Thursday, August 7, 2008

The Mysterious and Elusive Blackside Darter (Percina maculata)

And with that, Analyze Everything is back. Expect a weekly post on Thursday or Friday, focused initially on Kansas T&E and SINC species. Other posts will pop up sporadically. Hope you enjoy, and feel free to ask questions.

State and federal Threatened and Endangered Species lists are riddled with species who are so rare that they may easily be considered extirpated (or even extinct; see Eskimo Curlew). Although apparently facing no global threat of extinction (even in 1973 the darter was considered endangered in Kansas but not nationally), the Blackside Darter has become a whisper of a ghost in Kansas. According to the NatureServe distribution map (see it here), the existing (or recently existing) Kansas population is confined to the Mill Creek Watershed. This is interesting because the next closest population is in Missouri or Oklahoma, between 4-8 HUC8s away.

During the Summer of 2008, KDWP conducted a survey of the Mill Creek looking for Topeka Shiners (more on them elsewhere). There was some optimism that the Blackside Darter would be found at the same time, since unlike many darters, the Blackside is a common mid-column pool resident (Cross and Collins 1995). At this point, no Blacksides have been found (although some collected specimens may be identified as such later), and as far as I can tell, none have been found in Kansas since 1974! (Drenner and Cross 1981) Actually, now that I dig around the KDWP Stream Survey database I see a record of 3 Blackside Darters found on a site in 1994. A return visit in 2000 didn’t find any, however.

I wonder if the Blackside Darters are becoming extirpated in part due to their hybridization with logperch (P. caprodes). The two species have overlapping ranges, and have been observed to hybridize in Kansas (Drenner and Cross 1981), with hybrids having intermediate physical characteristics. Winn (1958) observed logperch males chasing female P. maculate (the latter being a small portion of the overall darter population even when relatively common). Hybridization may have some weird implications for conservation of rare species (c.f. Perry 2001). I did see a logperch in Mill Creek in July of 2008 that looked ‘funny.’ I wonder if that individual has a Blackside ancestor (might explain why we caught it in a pool).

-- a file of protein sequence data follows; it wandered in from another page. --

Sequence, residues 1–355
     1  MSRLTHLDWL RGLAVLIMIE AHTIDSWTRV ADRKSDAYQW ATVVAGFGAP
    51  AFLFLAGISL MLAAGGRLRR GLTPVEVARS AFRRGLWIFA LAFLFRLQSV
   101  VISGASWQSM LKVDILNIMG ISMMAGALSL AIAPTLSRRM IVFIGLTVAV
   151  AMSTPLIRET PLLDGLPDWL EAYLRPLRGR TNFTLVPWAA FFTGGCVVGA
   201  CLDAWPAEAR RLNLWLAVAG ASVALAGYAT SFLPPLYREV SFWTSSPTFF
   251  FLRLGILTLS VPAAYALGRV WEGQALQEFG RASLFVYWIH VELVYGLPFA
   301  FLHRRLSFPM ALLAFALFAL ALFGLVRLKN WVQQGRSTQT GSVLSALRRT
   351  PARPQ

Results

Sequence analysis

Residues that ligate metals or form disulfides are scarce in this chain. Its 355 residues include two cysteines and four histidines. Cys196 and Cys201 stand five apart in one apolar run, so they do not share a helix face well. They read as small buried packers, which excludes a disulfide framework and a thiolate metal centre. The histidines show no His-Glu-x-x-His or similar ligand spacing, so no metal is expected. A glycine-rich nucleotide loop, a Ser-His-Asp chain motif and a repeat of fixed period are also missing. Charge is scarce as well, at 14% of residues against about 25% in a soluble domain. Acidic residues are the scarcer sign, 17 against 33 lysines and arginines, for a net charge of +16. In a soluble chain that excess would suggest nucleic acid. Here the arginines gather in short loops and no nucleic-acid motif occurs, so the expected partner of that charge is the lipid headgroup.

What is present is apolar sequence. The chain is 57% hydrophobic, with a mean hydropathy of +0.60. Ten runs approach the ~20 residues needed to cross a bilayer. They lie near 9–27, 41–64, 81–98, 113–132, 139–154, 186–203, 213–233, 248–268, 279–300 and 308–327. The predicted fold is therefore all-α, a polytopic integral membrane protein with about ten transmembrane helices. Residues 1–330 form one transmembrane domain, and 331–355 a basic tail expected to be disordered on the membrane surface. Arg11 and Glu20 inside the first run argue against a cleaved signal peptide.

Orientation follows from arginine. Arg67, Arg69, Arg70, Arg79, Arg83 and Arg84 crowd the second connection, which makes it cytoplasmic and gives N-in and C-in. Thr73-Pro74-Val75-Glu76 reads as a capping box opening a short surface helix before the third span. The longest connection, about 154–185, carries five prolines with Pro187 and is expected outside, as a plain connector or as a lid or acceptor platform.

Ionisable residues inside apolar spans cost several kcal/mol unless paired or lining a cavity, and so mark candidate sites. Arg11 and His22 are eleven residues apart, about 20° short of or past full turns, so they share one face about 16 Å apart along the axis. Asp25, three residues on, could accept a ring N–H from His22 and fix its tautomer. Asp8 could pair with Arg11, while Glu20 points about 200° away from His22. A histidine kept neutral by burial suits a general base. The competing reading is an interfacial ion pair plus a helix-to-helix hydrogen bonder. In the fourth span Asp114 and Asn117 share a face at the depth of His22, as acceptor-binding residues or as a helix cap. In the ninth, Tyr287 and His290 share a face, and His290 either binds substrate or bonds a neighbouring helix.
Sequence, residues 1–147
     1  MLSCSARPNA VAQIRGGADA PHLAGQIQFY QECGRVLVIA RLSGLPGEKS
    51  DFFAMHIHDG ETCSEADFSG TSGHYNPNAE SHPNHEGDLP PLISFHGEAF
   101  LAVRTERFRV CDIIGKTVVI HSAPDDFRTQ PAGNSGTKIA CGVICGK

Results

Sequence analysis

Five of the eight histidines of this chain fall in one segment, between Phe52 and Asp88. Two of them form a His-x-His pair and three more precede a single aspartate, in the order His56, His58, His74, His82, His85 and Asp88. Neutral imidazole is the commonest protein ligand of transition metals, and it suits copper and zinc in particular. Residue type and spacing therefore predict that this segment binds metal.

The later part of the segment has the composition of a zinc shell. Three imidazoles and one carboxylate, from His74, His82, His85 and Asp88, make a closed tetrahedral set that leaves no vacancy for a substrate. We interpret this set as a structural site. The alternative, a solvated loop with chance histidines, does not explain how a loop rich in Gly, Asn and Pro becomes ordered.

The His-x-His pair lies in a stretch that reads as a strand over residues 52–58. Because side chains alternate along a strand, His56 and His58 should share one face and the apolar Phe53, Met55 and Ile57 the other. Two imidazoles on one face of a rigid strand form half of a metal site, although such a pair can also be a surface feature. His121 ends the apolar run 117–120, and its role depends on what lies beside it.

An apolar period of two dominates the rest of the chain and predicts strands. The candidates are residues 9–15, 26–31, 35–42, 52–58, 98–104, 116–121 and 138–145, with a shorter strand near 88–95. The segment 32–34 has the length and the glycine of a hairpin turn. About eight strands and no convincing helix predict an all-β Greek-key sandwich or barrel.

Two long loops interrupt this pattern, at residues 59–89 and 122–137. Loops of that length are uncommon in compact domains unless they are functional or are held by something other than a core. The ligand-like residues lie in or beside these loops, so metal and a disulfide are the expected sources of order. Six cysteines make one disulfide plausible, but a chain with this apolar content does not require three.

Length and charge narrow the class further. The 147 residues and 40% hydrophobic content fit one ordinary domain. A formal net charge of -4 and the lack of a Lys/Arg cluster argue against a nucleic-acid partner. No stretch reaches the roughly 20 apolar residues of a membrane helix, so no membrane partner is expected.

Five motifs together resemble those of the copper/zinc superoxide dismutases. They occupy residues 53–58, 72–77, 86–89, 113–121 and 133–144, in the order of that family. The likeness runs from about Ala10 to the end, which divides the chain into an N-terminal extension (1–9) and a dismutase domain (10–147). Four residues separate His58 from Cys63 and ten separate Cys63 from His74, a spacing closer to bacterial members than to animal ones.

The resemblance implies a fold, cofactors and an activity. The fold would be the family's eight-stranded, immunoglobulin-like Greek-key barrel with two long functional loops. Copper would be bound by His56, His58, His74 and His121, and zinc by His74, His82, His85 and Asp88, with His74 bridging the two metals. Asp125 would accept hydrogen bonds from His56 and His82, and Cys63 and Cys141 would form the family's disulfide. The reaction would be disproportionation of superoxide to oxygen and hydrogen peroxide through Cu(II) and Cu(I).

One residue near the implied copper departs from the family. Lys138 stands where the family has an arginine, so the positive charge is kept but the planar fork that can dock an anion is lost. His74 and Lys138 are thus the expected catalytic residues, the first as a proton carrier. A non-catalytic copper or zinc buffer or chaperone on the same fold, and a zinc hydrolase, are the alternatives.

The Blackside Darter is sexually mature in their second year (Becker 1983), and females may continue breeding until they are 4 years old (Bart and Page 1992). This darter consumes primarily benthic invertebrates (NatureServe 2008), although Cross and Collins (1995) also mentioned that the Blackside Darter “sometimes rises to the surface for food.” Among Kansas darters, the Blackside is unique for not clinging to the stream bottom. In general the species tends to prefer streams that one would consider good for mayfly and stonefly species (i.e., cool, clear streams with moderate currents and gravel substrates). Many Flint Hills streams fit this description, but despite fairly extensive sampling efforts in the Northern Flint Hills (mostly hunting the Topeka Shiner), the species is only known to occur in Mill Creek.

Bart, H. L., Jr., and L. M. Page. 1992. The influence of size and phylogeny on life history variation in North American percids. Pages 553-572 in R. L. Mayden, editor. Systematics, historical ecology, and North American freshwater fishes. Stanford Univ. Press, Stanford, Calfiornia. xxvi + 969 pp.

Becker, G. C. 1983. Fishes of Wisconsin. Univ. Wisconsin Press, Madison. 1052 pp.

Cross, F.B. and J.T. Collins. 1995. Fishes in Kansas. University Press of Kansas, Lawrence KS. p 238.

Drenner, R.W. and F.B. Cross. 1981. A natural hybrid fish, Percina maculate × P. caprodes, from Kansas. Transactions of the Kansas Academy of Sciences 84:61-62.

NatureServe. 2008. NatureServe Explorer: An online encyclopedia of life [web application]. Version 7.0. NatureServe, Arlington, Virginia. Available (Accessed: July 21, 2008 ).

Perry, W.L., J.L. Feder, and D.M. Lodge. 2001. Hybridization and introgression between introduced and resident Orconectes crayfishes; implications for conservation. Conservation Biology.

Soil Conservation Commission (SCC). 1973. Rare, Endangered and Extirpated Species in Kansas. I. Fishes. Transactions of the Kansas Academy of Science 76:97-106.

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